To put it in perspective, AISD could lower its tax rate by 35 cents if it were not for the $406 million we must pay in recapture this year. For our average homeowner, that would amount to about $1,400 in lower taxes per year. That would make our district a lot more affordable for many who have been forced to move. Without some kind of relief in recapture for our taxpayers, we will continue to face many challenges.

  • We cannot afford to pay a competitive wage, and teachers cannot afford to live in Austin.
  • We are one of a handful of districts in Texas that must pay social security. This $33 million-per-year expense is not incurred by most other districts.
  • We are putting programs proven to improve student achievement like full-day Pre-K at risk of elimination.
  • We don’t receive the transportation allotment. It costs us $28 million per year to transport 22,000 students on more than 600 routes, which covered more than 6.5 million miles during the 2015-16 school year. Sixty percent of AISD’s bus routes are affected by toll roads. AISD must pay these tolls—unlike many other public entities that are exempt from tolls.

We would like to offer a few solutions that all districts should be able to support:

  • Index school funding for inflation so that the state shares in its responsibility to fund basic educational programs.
  • At a minimum, tie property value increases to an increase in the basic allotment.
  • Update outdated formula elements like the cost of education index and the transportation allotment and adjust interpretation to allow Chapter 41 districts to receive the transportation allotment as a credit against recapture.
  • Increase the number of “golden pennies” that are not subject to recapture or wealth equalization levels.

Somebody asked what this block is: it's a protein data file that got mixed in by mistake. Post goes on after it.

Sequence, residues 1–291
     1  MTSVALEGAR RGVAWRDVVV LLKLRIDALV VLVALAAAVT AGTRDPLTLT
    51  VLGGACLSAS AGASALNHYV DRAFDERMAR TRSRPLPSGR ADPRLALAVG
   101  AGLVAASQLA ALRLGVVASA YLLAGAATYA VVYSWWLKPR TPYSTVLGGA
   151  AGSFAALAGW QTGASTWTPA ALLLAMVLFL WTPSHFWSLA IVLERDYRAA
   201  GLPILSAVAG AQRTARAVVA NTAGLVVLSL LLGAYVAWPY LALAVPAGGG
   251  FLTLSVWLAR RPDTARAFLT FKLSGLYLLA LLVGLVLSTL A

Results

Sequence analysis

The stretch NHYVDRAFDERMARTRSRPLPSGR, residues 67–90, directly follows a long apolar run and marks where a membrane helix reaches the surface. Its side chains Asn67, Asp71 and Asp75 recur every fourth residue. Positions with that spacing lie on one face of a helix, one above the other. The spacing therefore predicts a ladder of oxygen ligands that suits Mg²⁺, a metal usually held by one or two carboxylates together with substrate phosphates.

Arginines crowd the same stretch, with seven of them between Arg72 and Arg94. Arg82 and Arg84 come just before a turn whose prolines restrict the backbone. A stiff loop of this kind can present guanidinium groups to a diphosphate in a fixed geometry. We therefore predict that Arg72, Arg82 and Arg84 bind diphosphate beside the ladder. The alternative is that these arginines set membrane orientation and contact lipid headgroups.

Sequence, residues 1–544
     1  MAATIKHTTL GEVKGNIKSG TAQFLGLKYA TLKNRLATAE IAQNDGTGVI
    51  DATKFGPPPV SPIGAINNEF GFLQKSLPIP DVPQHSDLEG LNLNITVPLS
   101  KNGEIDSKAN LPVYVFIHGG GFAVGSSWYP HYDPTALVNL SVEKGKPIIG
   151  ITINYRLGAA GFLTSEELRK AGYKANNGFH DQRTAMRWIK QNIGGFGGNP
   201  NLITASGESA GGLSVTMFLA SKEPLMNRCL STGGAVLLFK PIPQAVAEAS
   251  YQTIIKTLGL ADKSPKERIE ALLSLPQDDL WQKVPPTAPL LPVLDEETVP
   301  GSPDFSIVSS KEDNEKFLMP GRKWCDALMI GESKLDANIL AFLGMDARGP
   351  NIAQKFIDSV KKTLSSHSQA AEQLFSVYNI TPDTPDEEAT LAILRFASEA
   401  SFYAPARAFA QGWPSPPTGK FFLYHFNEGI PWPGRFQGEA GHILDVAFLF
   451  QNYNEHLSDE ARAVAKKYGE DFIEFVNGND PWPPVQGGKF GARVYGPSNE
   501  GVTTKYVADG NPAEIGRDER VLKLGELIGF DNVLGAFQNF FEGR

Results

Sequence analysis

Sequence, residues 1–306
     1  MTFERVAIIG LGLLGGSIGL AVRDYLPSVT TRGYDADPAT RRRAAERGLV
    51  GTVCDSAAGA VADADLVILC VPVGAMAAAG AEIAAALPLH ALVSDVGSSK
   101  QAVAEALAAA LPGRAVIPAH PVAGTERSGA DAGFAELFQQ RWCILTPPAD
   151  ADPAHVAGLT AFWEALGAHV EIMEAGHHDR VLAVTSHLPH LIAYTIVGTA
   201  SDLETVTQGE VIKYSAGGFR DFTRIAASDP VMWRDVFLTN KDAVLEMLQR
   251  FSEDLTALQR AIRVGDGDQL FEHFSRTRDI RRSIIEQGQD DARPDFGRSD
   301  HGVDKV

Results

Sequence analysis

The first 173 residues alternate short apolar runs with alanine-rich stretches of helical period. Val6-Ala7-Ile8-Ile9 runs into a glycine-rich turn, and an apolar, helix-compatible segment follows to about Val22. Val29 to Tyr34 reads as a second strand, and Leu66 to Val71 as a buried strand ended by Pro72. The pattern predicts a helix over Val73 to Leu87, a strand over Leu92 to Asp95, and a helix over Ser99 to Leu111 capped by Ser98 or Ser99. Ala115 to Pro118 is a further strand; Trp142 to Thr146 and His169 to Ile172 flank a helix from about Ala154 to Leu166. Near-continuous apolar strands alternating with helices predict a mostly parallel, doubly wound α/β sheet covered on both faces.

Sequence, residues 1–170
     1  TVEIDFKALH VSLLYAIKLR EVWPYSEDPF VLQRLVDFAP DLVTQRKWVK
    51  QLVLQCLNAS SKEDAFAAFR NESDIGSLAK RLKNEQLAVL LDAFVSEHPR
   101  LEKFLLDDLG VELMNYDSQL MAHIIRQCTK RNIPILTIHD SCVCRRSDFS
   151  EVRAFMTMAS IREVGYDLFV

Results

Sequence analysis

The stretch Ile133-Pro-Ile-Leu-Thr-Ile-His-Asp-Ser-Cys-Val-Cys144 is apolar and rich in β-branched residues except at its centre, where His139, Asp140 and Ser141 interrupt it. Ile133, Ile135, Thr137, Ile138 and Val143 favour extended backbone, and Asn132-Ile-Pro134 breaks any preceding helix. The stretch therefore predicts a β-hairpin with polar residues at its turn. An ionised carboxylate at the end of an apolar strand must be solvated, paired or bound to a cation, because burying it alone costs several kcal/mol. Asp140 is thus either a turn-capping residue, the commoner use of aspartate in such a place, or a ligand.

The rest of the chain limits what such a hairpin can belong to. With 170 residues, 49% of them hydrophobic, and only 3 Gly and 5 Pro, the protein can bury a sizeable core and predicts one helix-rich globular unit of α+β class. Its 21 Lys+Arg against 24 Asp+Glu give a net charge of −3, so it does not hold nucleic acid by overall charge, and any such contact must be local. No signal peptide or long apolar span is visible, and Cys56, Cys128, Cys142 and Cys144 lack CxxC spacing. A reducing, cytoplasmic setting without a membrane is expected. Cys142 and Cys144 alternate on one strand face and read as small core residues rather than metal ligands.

• Consider a cap on the level of recapture that districts have to pay so that taxpayers can see some level of relief to this ballooning financial burden.

Even some measure of relief would have a tremendous, positive impact for our children. If Austin ISD's recapture payment were reduced by $11.12 million, our teacher-student ratio in Pre-K classes could be reduced from 18:1 to the TEA-recommended 11:1 ratio. 

Also, if Austin ISD's recapture payment were reduced by $17 million, we could expand our mental health clinics from 19 to 130 campuses. Investing in our children early saves money in the long run, as the cost of incarceration and inpatient mental or behavioral care is far more costly.

Unfortunately, the state’s over-reliance on recapture is leading to an unintended, inequitable burden for some communities’ taxpayers who are shouldering much more of the expense to educate our state’s children.

We know there are districts throughout the state that need additional funds to educate their students, but it is the duty of the state to provide those funds, not local property taxpayers.

Thank you for the opportunity to testify. I’m happy to answer any questions.

Learn more about AISD's legislative priorities.